Studies have shown that crack babies are not necessarily predisposed to any specific developmental problems, so you could very well turn out okay. If you develop problems, though, know that it may not be from the crack or even from me. My genes are strong; all of my grandparents lived well into their 90s and died of old age. If something makes you “special,” then it probably came from that crack-smoking whore mother of yours, whichever one she turns out to be. So, again, I ask you to find the ability to forgive.

I’d like to believe I will be there for your little league games or cheerleading competitions or karate matches or first pony ride or whatever you end up doing, but please understand, the crack really takes up a lot of my time. It can be really hard to stay organized when you’re looking for a fix. And I may not be entirely coherent some days, or I might disappear for a week sometimes. I imagine your mother may come up short with some of these things, too, but know that I will try my best to be there.

One thing a child cannot often understand is that his father is not invincible. And even though I will say that in this letter, you still will not understand right away. You will slowly learn early on that I am entirely too weak to give up the delicious crack. But maybe I will find strength in you. I hope that I can.

There is so much I wish to teach you, but I cannot put it all in this letter. I look forward to meeting you, my little one. But right now, I’m really looking forward to smoking some crack. See you one day, soon!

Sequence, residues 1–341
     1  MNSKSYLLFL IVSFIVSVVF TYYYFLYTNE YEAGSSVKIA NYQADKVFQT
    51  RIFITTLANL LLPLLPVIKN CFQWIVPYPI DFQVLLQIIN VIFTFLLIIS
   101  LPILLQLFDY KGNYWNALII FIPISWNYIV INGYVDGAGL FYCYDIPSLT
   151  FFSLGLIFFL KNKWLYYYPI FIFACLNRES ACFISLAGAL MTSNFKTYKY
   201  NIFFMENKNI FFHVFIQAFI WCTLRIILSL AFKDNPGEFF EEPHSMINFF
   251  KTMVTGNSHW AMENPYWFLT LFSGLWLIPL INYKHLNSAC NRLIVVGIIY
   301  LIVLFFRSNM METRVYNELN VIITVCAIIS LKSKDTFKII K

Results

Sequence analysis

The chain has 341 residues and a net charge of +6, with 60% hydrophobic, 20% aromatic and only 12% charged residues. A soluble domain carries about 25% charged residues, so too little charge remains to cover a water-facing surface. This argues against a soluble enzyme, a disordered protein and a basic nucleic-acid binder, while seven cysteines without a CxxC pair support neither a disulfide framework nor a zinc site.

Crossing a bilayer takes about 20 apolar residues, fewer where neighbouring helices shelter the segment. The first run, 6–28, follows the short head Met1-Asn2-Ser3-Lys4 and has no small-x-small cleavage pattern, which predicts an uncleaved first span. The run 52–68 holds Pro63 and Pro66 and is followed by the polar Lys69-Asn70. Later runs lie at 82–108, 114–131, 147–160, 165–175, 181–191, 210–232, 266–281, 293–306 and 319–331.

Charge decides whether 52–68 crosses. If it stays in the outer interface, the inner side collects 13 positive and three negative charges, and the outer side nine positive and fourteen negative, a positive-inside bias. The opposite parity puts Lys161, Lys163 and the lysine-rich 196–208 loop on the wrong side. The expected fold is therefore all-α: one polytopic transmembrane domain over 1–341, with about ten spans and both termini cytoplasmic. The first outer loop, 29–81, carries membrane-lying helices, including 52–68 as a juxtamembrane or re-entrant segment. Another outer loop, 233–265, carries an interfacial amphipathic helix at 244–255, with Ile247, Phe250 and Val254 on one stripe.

[Inspired in part by Joe Cetta’s fantastic letter.]

First of All, Your Mom Came on to Me

Listen, Marty, I know we haven’t spoken in twenty years. But I saw your name on that popular social networking site and it made me think about the old days. It’s been such a long time, but I remember when we met as kids that we immediately clicked, like we were brothers. We had so many good times together. Remember fishing at Manitoba Lake? Remember that time I hid out under your bed for two days because I accidentally set fire to my garage? Remember all the laughs when we’d pal around town after midnight, pretending to be badasses? We were children when we met but we became older and wiser as we grew up together, learning so much about life from each other.

Our old friendship still means a lot to me. Those were some of great years that I will never forget and I’m willing to bet it you haven’t forgotten them, either. And while they were great, well, things changed between us. Obviously, you know this. I swore to myself that I wouldn’t keep apologizing for it, but maybe that’s why we haven’t spoken in all this time.